Our news
6 December 2017

Madeleine Brodie To Expand Kitchen Garden Program with ACF Grant

Madeleine Brodie (Cohort 2017) is a recipient of a 2017 Alumni Community Fund (ACF) grant, which she will use to grow the Kitchen Garden program at New Norfolk High School in Tasmania.

In September this year, Teach For Australia launched the Alumni Community Fund (ACF) to provide financial grants to the TFA community for initiatives driven by our Alumni, Associates and Teach to Lead Fellows. The funds were raised by the Alumni Gala Committee with proceeds from the 2016 Alumni Gala. Teach For Australia provided assistance by supporting the Alumni Grants Committee with the distribution of the funds. Grant recipients were announced in November 2017.


At New Norfolk High School in Tasmania, Madeleine Brodie established the Kitchen Garden Program this year, with the support of the school and principal Mr. Potito. Students built raised garden beds in a disused area between school buildings, then planted winter crops and an herb garden.

“The students built the beds, with the help of Mr. Potito and myself,” Madeleine says. “There were some students that really stepped up and took on leadership and responsibility roles during this time, often directing and guiding the project. Mr Potito was vital to this process, donating his time, equipment and expertise to help the students build the beds.”

Designing and building the garden has connected students to the area from the very beginning. Madeleine explains that, “Having ownership and pride over the space means that it is looked after, and it has been really lovely to see some of the students that built the beds coming back to show their friends the work they did.”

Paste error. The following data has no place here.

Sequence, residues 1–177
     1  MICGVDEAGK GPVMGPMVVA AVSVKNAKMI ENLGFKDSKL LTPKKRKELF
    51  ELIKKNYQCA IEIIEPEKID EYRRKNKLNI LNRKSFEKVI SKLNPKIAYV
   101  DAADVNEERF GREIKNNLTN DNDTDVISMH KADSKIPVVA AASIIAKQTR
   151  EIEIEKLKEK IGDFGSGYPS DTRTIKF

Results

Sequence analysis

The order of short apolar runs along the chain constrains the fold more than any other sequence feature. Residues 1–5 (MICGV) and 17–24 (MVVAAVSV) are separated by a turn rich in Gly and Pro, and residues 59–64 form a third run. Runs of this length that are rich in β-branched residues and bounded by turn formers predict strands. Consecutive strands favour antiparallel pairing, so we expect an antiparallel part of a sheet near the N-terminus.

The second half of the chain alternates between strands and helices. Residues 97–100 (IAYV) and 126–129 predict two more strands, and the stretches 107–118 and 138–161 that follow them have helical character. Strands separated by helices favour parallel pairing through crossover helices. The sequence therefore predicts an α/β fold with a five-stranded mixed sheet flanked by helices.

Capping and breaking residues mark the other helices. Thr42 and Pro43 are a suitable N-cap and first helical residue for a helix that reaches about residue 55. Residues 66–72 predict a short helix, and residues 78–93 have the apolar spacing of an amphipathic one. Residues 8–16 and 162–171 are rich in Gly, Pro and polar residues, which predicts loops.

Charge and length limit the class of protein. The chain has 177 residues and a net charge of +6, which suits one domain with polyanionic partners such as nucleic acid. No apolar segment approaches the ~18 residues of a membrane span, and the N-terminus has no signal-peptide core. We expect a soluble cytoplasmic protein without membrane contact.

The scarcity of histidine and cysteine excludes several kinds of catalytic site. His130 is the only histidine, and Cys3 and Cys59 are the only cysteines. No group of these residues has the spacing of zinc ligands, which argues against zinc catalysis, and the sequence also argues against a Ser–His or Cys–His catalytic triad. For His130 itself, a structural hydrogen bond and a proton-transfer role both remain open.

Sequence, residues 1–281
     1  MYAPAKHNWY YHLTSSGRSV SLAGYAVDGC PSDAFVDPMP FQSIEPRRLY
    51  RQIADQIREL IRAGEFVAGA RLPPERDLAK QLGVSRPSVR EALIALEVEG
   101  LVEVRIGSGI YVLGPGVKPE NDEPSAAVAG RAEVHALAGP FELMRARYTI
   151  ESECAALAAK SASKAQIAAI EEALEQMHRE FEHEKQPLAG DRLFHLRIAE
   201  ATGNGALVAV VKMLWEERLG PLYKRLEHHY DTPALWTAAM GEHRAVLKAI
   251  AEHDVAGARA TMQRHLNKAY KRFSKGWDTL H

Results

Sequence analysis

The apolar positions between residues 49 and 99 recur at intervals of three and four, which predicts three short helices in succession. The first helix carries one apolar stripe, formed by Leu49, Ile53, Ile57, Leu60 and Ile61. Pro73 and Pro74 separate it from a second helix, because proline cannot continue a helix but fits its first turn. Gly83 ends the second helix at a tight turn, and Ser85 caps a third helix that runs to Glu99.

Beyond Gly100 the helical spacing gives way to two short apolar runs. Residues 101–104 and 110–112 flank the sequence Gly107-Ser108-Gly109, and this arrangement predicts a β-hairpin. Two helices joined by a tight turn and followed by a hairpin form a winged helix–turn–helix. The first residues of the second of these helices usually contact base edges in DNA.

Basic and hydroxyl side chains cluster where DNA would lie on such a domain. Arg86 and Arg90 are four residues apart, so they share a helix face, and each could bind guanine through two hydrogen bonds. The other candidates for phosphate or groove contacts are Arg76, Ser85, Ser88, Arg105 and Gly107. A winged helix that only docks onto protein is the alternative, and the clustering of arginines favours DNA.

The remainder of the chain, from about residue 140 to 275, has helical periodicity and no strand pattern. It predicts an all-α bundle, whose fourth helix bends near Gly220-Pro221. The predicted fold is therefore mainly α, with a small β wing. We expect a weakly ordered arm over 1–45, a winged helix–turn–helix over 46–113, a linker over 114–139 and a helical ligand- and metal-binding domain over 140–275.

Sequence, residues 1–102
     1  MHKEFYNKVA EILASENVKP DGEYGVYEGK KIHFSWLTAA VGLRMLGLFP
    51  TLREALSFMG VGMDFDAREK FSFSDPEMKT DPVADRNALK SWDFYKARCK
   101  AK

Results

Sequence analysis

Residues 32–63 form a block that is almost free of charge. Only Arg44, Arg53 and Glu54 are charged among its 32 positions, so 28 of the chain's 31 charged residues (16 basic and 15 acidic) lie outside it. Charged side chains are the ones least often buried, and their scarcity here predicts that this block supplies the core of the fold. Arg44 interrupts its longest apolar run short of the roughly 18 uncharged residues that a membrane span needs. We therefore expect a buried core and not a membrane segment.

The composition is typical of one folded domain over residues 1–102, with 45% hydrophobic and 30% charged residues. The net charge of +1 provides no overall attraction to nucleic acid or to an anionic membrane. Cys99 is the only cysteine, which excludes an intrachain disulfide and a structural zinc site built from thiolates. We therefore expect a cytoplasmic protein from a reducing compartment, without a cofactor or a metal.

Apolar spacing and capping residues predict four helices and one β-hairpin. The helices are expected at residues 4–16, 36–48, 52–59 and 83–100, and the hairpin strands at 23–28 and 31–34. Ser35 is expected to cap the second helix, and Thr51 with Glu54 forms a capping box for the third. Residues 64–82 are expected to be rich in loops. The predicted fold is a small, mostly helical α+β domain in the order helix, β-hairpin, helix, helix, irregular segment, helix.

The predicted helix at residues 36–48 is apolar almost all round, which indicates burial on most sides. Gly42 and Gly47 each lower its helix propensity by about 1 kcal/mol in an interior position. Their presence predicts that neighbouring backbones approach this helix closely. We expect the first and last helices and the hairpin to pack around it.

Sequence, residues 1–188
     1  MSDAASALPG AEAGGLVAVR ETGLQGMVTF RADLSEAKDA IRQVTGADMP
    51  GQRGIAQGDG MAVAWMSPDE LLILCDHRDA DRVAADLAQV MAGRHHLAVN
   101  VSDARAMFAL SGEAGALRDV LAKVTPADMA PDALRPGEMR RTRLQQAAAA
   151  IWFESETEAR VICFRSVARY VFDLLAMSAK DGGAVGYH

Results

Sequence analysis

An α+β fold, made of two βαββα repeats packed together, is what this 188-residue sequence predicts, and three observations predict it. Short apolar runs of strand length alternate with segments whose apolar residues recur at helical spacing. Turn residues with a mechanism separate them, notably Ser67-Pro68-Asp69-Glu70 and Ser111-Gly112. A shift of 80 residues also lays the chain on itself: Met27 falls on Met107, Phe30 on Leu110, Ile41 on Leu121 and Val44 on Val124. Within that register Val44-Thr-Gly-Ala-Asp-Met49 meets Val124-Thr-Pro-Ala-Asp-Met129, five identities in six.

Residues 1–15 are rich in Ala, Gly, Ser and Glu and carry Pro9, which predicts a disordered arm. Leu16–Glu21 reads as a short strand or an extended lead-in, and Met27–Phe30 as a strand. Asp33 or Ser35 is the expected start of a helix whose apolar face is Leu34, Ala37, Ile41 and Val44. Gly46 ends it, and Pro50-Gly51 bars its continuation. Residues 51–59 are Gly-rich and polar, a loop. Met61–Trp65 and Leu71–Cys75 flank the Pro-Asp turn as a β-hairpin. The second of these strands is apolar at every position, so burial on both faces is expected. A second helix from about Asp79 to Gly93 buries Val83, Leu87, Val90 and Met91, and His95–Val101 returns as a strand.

Through the Kitchen Garden Program, students develop an awareness of the environment, increase their physical activity, improve their diet, food consumption and sustainability practices, gain insight into vocational and tertiary education pathways, and grow their self-esteem, independence, respect, collaboration and leadership skills. In essence, the positive outcomes are aplenty. That’s why Madeleine will use the funds to strengthen and grow the program next year.

In 2018, she intends to design and build a market garden. It would include composting, a worm farm, and a poly tunnel greenhouse which “is designed to have rows of garden beds within it,” Madeleine says. “Given Tasmania’s colder climate, it is worth having some enclosed growing spaces, especially for seedlings. It also gives us an opportunity to look into design and the science of gardening.” They might also have the chance to design and build wicking beds from recycled intermediate bulk containers (IBC) – this would decrease watering and the students would learn about the science and benefit of reservoirs.